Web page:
As a researcher, I specialize in metaethics and ethical theory. In my dissertation, Moral Obligation, Evidence, and Belief, I argue that if we pay careful attention to the nature of the concept obligation and the way we use the phrase "moral obligation," we will see that there are good reasons for rejecting objectivism about moral obligation, the view that our moral obligations do not depend on our beliefs or our evidence, in favor of subjectivism about moral obligation, the view that our moral obligations depend on our beliefs. It follows that an agent has violated (or, at least, failed to meet) one of his or her moral obligations if and only if he or she has done something blameworthy. It also follows that consequentialists and deontologists do not (or, at least, should not) disagree about what agents are morally obligated to do so much as what it would be best for agents to do.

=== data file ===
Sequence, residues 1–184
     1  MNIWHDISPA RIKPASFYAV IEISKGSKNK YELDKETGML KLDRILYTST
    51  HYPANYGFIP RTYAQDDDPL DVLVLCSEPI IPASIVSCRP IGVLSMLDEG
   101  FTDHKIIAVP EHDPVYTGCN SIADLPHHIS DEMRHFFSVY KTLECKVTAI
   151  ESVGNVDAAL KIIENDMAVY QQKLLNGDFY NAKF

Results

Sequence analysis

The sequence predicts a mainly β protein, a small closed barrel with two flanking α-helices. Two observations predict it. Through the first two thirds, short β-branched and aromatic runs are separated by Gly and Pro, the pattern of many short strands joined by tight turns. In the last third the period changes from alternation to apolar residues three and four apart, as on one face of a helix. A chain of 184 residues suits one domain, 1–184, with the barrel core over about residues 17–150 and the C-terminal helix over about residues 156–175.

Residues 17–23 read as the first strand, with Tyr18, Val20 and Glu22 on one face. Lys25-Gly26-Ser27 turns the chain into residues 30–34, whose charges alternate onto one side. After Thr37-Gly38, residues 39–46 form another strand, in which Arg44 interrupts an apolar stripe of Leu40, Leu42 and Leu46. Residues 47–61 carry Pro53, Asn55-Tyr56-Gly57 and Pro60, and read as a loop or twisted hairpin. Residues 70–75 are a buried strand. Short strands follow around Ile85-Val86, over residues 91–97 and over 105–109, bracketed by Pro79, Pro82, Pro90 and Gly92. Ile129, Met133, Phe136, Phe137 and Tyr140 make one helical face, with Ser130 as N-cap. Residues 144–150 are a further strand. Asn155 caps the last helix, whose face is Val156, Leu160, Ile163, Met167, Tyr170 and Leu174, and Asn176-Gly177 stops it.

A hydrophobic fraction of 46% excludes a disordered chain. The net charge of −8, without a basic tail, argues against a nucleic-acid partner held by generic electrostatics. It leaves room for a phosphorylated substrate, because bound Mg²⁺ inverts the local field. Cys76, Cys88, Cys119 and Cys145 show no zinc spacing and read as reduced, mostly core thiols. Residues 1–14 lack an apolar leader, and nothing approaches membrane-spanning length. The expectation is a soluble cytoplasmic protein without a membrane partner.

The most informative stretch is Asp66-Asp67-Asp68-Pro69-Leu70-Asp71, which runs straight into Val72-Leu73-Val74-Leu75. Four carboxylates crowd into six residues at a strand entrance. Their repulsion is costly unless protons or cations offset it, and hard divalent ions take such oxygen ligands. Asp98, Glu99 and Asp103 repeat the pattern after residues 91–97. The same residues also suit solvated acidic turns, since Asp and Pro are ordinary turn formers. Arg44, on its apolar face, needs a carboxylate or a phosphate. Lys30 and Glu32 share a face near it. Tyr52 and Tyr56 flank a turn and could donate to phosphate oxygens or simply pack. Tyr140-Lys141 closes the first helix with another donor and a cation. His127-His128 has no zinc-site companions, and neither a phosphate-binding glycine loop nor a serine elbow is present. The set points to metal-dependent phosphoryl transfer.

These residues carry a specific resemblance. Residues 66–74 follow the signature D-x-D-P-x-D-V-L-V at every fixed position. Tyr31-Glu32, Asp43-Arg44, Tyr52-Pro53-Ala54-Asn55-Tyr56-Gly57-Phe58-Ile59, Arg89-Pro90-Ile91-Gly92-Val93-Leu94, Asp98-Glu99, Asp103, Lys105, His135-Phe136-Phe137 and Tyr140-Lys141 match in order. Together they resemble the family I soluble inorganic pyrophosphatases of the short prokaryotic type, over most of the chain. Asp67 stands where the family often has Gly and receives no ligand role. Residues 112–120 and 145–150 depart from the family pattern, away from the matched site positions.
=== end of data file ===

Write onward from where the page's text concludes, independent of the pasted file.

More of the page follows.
I recently reviewed Michael J. Zimmerman's book Ignorance and Moral Obligation for the Journal of Moral Philosophy. You can find that review here. You can get a feel for my other work by reading the essays I have written for 1000-Word Philosophy. The first of those is on moral luck and can be found here. The second is on the repugnant conclusion and can be found here.

In addition to my interests in metaethics and ethical theory, I also have interests in practical ethics, philosophy of law, philosophy of religion, and epistemology.